The vet gave her cortisone and antibiotics, and he left me with pills and injections of the same to give at intervals after his visit. No anti-venom. I stayed close at hand for a couple of days to be sure she could breathe through the swelling, and kept a length of hose handy in case she couldn't breathe. The vet told me to cut a length of hose about 12" long and to sand any rough edges off the ends so that the ends of the hose wouldn't damage the delicate parts inside my horse's nose. Thankfully we didn't have to go there.

                Besides blocked nostrils, the other danger in snakebite to a horse, from what I understand, is that the venom can cause the flesh around the bite to die and slough off, leaving a wound which can be deep. This did not happen to my horse.

                Comment

                • Original Poster

                  #9
                  I talked to my vet about the vaccine and the vaccine that is available is not formulated to the rattlesnakes that we have in our area.

                  I have been putting polos on her when I ride. Hoping that if she does get bit, maybe they will hit the polo's and not her legs.

                  Amy

                  Comment


                  • #10
                    Originally posted by HorsingRound View Post
                    Besides blocked nostrils, the other danger in snakebite to a horse, from what I understand, is that the venom can cause the flesh around the bite to die and slough off, leaving a wound which can be deep. This did not happen to my horse.
                    I've actually seen quite a few (well, relatively speaking...most horsepeople I know haven't seen any ) untreated rattlesnake bites on legs and they do look horrible. I saw them when I was shoeing ranch horses, often they would be turned out to huge pastures and not checked on for a few days at least, so the bites weren't found until later. They look bad and scar up, but they aren't fatal. And keep in mind that's with virtually no treatment. Even facial bites (which are the most common on loose horses because they get curious and put their heads down to check it out, probably not so likely on trail rides ) usually heal, though there is a risk that the nostrils will swell shut as mentioned.

                    I mean, I'm not saying to be casual about it but it's not as a big of an emergency as most people think. In fact, many vets I've known don't even give antivenin to horses in most cases. Horses are large enough that snakebites are rarely fatal. Not to mention most rattlers take some provocation before they'll strike. We have western diamondbacks here which are I believe the most aggressive species in the US, and even so they'd rather just buzz at you and let you move on. Really, it's not something I worry about.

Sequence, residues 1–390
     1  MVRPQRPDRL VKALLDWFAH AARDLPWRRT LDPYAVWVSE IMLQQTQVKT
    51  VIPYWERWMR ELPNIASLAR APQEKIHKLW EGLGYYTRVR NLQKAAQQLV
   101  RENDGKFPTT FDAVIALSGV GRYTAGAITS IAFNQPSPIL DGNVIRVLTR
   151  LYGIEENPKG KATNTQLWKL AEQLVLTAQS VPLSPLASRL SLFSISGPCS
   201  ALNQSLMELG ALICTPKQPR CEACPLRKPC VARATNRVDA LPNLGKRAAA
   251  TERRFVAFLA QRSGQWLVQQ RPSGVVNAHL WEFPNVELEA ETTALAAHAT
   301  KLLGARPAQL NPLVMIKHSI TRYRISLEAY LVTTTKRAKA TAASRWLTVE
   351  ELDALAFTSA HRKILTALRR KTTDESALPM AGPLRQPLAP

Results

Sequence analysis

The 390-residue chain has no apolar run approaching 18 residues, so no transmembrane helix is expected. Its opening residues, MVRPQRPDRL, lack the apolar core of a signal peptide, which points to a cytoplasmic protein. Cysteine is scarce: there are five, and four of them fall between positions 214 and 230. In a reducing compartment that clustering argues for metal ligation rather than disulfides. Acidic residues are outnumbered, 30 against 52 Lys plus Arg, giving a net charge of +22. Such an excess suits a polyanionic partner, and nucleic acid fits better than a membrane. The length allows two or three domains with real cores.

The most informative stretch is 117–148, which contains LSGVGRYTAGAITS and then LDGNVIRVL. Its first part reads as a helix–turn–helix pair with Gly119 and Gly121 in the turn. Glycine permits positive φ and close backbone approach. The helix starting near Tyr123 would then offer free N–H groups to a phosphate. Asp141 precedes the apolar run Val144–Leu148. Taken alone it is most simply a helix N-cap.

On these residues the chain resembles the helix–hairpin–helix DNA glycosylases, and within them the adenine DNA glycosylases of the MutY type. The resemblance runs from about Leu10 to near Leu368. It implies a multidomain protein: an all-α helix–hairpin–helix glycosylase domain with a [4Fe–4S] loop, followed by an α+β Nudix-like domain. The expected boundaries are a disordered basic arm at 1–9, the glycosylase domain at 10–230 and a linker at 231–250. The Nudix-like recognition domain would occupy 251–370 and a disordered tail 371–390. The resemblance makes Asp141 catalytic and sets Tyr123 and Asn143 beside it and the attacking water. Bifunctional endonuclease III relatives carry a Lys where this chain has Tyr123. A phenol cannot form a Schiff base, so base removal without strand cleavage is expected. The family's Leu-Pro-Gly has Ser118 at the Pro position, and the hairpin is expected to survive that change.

What area are you in/what kind of rattlers are you dealing with? And polos probably won't do much to protect their legs, timber rattlers especially have very long fangs and they can puncture very tough material.
                    exploring the relationship between horse and human

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                    • Original Poster

                      #11
                      I live in So. California in the foothills. All of the rattlers that I have run across are not aggressive. I have been lucky enough to see them well ahead of time and was able to let them do their thing and move on. The only time I ran into one that I couldn't see was on a narrow part of the trail that had high brush. It was somewhere in the brush and rattling like crazy. It scared the cr*p out of me because I didn't know where it was. Luckily my horse kept her head and we moved through.

                      So now we have curtailed our riding to trails that I can see well and are not narrow with no escape. I have only seen one Garter snake and he was VERY shy. Almost missed him.

                      Amy

                      Comment


                      • #12
                        you could try a hard-shell boot like these:

                        http://www.actionridertack.com/p-423...ot-airflo.aspx

                        or maybe a heavy leather leg boot?

                        Comment


                        • #13
                          *bows to folks who del w/ rattlers* (There're no poison snakes in my nek o' the woods. Gimme bears and cougars any day.)

                          Y'all walking the horse home post-bite--that's not hand-walking, right? I mean, riding woud be more work for the horse, but not riding puts your legs in the danger zone.
                          www.lisapreston.com

                          Comment


                          • #14